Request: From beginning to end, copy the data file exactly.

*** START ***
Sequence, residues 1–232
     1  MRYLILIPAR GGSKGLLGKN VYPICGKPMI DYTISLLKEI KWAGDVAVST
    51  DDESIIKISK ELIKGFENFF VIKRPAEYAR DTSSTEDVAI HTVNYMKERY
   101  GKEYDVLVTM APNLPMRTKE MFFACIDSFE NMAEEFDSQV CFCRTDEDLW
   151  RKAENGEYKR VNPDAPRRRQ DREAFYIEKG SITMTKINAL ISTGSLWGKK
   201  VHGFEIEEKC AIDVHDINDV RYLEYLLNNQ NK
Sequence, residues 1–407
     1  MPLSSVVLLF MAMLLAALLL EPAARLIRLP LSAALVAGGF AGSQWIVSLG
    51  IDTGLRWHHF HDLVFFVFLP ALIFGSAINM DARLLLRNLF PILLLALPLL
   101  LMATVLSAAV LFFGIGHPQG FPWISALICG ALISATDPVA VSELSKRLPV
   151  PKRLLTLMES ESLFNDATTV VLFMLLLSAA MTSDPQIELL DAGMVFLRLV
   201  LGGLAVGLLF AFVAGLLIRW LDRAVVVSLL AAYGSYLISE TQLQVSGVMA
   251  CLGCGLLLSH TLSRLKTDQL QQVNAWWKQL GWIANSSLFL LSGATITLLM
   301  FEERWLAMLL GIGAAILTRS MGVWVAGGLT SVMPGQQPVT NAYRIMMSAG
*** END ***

Sequence, residues 1–232
     1  MRYLILIPAR GGSKGLLGKN VYPICGKPMI DYTISLLKEI KWAGDVAVST
    51  DDESIIKISK ELIKGFENFF VIKRPAEYAR DTSSTEDVAI HTVNYMKERY
   101  GKEYDVLVTM APNLPMRTKE MFFACIDSFE NMAEEFDSQV CFCRTDEDLW
   151  RKAENGEYKR VNPDAPRRRQ DREAFYIEKG SITMTKINAL ISTGSLWGKK
   201  VHGFEIEEKC AIDVHDINDV RYLEYLLNNQ NK
Sequence, residues 1–407
     1  MPLSSVVLLF MAMLLAALLL EPAARLIRLP LSAALVAGGF AGSQWIVSLG
    51  IDTGLRWHHF HDLVFFVFLP ALIFGSAINM DARLLLRNLF PILLLALPLL
   101  LMATVLSAAV LFFGIGHPQG FPWISALICG ALISATDPVA VSELSKRLPV
   151  PKRLLTLMES ESLFNDATTV VLFMLLLSAA MTSDPQIELL DAGMVFLRLV
   201  LGGLAVGLLF AFVAGLLIRW LDRAVVVSLL AAYGSYLISE TQLQVSGVMA
   251  CLGCGLLLSH TLSRLKTDQL QQVNAWWKQL GWIANSSLFL LSGATITLLM
   301  FEERWLAMLL GIGAAILTRS MGVWVAGGLT SVMPGQQPVT NAYRIMMSAG